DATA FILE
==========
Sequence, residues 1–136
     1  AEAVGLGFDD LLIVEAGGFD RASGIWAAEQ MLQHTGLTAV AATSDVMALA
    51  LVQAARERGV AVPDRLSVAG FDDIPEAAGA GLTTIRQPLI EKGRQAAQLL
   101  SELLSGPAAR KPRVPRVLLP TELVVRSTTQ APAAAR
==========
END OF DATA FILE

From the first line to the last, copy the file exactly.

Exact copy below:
Sequence, residues 1–136
     1  AEAVGLGFDD LLIVEAGGFD RASGIWAAEQ MLQHTGLTAV AATSDVMALA
    51  LVQAARERGV AVPDRLSVAG FDDIPEAAGA GLTTIRQPLI EKGRQAAQLL
   101  SELLSGPAAR KPRVPRVLLP TELVVRSTTQ APAAAR